Post-tasting glow with Pier Busso and Ronnie Grant.
If you’re anywhere near the Italian wine industry you can’t escape the yearly tidal wave of Vinitaly. This annual trade show is, in the words of my colleague Michael Whidden, “airplane hangars filled with the world’s most incredible Italian wine bars”.
I’m in Verona for the Vinitaly trade show, but on Saturday we planned a trip to one of the show’s “Anti-Vinitaly” demonstrations. These events are smaller, more targeted gatherings held adjacently to the big she-bang. I love discovering new wineries and tasting new wines at these events. At Vini Veri we found one stand-out at the Maria Pia Castellibooth- a crystal-clear, bright yellow (almost orange?) wine made from the Marche’s indigenous grapes like Trebbiano, Malvasia and Pecorino. The wine is called Stella Flora- an accurate description meaning something like “floral star”. The wine smelled like fresh jasmine flowers and green tea, and had an oily texture and a punctuated acidity. The fruit component was all over-ripe yellow plum and tangerines.
One shining star in the sea of beautiful vino Italiano.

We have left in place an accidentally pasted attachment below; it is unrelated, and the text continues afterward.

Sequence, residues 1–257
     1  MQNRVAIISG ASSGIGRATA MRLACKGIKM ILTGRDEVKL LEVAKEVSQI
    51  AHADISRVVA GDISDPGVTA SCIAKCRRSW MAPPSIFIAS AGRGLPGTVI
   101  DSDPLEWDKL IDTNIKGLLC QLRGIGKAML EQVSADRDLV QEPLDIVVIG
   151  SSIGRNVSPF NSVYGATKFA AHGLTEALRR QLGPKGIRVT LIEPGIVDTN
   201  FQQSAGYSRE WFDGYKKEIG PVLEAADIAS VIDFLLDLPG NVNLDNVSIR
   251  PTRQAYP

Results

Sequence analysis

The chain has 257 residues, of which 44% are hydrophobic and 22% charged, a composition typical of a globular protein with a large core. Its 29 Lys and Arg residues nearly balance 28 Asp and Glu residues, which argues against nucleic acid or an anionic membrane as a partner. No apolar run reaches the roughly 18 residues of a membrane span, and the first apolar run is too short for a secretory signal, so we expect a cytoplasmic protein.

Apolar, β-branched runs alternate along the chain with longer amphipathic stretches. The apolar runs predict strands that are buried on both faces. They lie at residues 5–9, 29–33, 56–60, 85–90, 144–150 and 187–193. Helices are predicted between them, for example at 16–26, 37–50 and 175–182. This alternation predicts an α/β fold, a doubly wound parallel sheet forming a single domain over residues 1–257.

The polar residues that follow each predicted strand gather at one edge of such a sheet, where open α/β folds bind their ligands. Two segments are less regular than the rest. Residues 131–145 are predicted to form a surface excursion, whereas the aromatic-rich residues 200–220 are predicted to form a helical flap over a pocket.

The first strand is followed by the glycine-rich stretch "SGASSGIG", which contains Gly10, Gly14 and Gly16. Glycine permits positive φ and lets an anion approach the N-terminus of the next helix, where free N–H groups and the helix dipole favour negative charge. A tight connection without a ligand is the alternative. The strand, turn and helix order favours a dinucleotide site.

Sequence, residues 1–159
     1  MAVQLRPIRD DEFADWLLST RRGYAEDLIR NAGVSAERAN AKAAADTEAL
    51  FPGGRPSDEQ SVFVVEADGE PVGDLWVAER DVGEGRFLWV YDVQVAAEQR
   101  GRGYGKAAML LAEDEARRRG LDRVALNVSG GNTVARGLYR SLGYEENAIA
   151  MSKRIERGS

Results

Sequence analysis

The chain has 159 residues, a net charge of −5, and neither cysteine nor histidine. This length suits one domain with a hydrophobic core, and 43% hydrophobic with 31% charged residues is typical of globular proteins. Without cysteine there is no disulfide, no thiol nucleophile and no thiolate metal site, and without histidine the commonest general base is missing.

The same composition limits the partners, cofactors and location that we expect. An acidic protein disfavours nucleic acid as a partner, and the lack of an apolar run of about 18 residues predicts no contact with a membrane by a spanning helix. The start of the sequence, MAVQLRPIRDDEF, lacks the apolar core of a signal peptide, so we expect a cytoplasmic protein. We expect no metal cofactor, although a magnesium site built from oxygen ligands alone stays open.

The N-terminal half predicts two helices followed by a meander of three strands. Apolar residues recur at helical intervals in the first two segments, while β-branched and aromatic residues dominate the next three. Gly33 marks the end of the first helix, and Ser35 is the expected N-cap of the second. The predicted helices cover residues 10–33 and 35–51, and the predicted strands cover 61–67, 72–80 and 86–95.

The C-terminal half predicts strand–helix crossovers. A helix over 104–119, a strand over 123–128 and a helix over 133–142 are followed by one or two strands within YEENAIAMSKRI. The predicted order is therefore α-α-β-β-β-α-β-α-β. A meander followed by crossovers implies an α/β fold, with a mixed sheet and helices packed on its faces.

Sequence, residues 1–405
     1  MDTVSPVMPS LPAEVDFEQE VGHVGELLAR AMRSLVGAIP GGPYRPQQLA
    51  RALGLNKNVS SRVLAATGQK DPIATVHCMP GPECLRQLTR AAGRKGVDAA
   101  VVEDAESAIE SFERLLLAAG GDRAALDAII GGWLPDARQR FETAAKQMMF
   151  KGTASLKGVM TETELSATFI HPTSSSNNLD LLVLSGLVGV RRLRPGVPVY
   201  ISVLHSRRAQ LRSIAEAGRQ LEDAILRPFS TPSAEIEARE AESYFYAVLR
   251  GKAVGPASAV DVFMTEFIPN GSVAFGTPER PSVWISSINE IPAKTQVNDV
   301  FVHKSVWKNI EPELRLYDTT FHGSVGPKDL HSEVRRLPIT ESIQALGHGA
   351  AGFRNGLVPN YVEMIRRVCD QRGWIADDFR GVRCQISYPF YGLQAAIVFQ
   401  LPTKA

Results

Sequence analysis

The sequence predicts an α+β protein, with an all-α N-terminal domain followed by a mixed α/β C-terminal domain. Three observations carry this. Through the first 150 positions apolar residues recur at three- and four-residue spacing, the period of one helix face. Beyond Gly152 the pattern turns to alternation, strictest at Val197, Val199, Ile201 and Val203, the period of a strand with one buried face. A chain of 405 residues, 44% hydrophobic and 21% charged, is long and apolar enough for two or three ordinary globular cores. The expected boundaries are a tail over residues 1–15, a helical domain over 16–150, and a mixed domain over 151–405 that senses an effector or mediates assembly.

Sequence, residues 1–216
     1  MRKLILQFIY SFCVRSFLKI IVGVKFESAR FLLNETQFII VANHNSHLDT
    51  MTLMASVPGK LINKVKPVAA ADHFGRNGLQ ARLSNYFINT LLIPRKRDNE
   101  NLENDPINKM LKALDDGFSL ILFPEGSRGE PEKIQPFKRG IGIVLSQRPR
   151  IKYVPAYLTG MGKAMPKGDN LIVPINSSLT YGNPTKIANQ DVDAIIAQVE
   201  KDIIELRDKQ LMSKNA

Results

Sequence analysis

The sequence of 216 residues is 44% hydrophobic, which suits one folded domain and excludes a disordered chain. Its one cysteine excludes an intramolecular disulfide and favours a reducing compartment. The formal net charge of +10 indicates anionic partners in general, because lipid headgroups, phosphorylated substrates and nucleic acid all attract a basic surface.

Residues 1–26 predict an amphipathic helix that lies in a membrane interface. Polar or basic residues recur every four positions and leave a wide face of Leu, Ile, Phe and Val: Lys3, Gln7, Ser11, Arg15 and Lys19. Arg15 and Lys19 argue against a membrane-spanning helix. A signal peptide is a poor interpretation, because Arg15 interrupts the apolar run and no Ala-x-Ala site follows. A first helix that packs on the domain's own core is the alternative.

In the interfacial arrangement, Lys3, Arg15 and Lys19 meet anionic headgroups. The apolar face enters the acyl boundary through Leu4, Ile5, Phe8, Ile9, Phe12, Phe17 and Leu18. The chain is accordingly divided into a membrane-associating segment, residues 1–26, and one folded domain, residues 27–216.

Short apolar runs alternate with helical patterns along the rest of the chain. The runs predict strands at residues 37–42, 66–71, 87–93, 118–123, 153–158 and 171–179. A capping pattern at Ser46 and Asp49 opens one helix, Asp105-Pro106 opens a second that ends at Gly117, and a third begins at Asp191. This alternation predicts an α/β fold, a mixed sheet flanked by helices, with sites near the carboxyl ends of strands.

Last night while staying at Opera 02, Mattia Montanari and Roberto Ballestrazzi took us over to nearby Le Vizzano, where we met Giorgio (The King), proprietor of a fantastic bar, L’Artista. The cocktails were fast and authentic, made with fresh ingredients and served with an enthusiastic smile.
A Good Barman is hard to find. A Great Barman can be your Hero.
This was the sign we spotted on the wall of Modena’s main market, a reminder of just how important Italy’s regional cultures are today. “Campanalismo” is the idea of a region or city’s attachment to local traditions, indigenous foods and wines, and regional dialects. This fierce defense of localized history is poetic- and it is the root of what makes Italy’s wines so diverse and its food culture so richly varied.
Take Modena for example. You cannot possibly imagine the perfection of pairing a local Lambrusco Grasparossa wine with a similarly traditional dish like Tortellini in Brodo, until you taste it. These dishes, these wines, have had hundreds of years and multiple generations of winemakers (and Italian mammas) to arrive at such transcendence. The food and the wine have developed together, around each other.
The mellow, savory hot broth delicately cushioning those toothsome bites of fresh pasta wrapped around shavings of parmigiano and ground prosciutto. When you follow this rich, deeply satisfying mouthful with a glug of sparkling, cold Lambrusco you can actually feel the two separate elements combining into something even more satisfying- and more authentic. The Lambrusco’s fresh minerality and bright, palate-cleansing acidity is tempered by the rich broth. Even the temperatures of the two components work together to create something that is truly beautiful and balanced.
Some things are considered “classic” for very good reasons.